June 2007 Archives

Limerck Traffic Gone Mad?

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While I was dropping Ewan into the Train Station in Limerick today, we were both surprised to see every traffic light flashing either yellow or red. Ewan rang the Gardaí to find out what the story was, only to be told that they were all off because of the Limerick Vs Tipperary replay.

This might make some bit of sense if they had Gardaí at the intersections doing point duty, but there was nothing. Trying to drive across O'Connell Street was like playing Russian Roulette with oncoming traffic, but people had no choice but to take silly chances in order to get out. It was surprising that there was no accidents.

Can anyone thing of any valid reason to turn off all traffic lights in a city because there there might be a bit extra traffic due to a match? Maybe turn off traffic lights at some of the major choke points and put Gardaí on point duty at them in order to keep traffic flowing, but all lights? Imagine what would happen in Dublin if they turned off every traffic light in North Dublin just because there was a match on in Croke Park.

Useful DNS Queries

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I have come across a couple of handy little trick for DNS recently which I'm going to throw up here just to save me searching when I need them in the future :)

Getting The Version Of A DNS Server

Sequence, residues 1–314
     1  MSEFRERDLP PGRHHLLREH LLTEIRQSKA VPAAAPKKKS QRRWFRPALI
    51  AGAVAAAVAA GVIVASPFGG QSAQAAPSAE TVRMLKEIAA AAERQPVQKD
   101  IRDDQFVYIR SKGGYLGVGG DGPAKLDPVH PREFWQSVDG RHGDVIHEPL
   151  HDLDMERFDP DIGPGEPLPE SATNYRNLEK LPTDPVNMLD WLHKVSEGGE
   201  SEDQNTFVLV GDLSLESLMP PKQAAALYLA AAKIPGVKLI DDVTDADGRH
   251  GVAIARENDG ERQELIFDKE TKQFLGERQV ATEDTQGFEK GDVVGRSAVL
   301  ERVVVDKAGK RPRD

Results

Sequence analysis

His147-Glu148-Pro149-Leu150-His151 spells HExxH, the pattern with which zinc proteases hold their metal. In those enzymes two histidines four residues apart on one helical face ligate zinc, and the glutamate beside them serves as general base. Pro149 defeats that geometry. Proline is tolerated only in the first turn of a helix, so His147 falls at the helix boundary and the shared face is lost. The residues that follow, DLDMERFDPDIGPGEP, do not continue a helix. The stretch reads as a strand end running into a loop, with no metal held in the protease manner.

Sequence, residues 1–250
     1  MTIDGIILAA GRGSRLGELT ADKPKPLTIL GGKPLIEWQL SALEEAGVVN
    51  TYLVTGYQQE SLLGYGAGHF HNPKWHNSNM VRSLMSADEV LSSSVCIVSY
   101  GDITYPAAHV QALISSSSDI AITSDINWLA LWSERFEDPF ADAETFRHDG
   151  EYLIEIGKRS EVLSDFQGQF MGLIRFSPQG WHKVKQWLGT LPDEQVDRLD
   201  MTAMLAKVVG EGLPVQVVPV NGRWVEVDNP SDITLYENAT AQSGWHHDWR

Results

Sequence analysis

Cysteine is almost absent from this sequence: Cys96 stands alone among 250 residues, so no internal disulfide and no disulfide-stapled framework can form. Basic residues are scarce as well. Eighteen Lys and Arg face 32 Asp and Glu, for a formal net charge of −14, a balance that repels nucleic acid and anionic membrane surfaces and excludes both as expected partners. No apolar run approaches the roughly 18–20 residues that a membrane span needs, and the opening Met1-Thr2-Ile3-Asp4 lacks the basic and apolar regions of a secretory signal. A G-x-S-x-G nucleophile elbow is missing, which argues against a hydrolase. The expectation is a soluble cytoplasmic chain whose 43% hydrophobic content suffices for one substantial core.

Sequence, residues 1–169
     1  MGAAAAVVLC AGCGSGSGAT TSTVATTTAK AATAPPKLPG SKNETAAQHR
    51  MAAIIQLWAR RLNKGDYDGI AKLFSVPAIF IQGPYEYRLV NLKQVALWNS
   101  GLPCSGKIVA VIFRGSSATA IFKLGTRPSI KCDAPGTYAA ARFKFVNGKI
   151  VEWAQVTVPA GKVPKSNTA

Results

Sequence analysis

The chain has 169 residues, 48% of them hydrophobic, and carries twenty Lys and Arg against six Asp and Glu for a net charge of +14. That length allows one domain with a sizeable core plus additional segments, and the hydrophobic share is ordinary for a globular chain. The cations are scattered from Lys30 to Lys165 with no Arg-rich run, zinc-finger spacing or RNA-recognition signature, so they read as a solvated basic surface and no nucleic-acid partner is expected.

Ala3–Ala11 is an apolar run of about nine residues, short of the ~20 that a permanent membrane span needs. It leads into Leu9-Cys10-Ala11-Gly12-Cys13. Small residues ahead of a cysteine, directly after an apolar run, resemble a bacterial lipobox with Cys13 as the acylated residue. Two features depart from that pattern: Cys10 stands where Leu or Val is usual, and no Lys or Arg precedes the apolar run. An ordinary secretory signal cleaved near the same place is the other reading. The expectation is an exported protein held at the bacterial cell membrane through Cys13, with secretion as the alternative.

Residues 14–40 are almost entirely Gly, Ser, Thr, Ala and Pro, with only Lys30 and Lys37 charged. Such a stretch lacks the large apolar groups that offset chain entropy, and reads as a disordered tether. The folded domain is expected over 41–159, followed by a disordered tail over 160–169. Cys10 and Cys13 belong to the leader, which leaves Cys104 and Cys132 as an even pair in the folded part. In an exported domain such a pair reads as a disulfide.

To get the version of a DNS server, you can run the following command:
dig @dns_server_you_want_to_check +short version.bind chaos txt
It is very easy for the server administrator to change this to whatever they want, but it's still a handy command.

Getting The Whois Server For A Top Level Domain

I found the following command for finding the whois server for a TLD on the Nominet Blog.
dig +short _nicname._tcp.ie srv
This should return:
10 0 43 whois.domainregistry.ie.
This means that the whois server for .ie is listening to port 43 at whois.domainregistry.ie. Unfortunately, not all TLDs support this, most noticeably .com.
I went up to an Ulster Bank ATM during the week, put in my card, and pressed the option up on screen for €40. The machine buzzed away for a few seconds, and then kindly informed me that it could only give out multiples of €50. This is by no means an uncommon occurrence. But why should it be so common? It can't be all that hard for an ATM to keep track of whether or not it has a certain note available. Why can't it check what notes it can provide before giving options to the user? This is simple maths which anyone can do, never mind a computer. We trust banks with our money every day, yet this simple maths problem seems to elude them.

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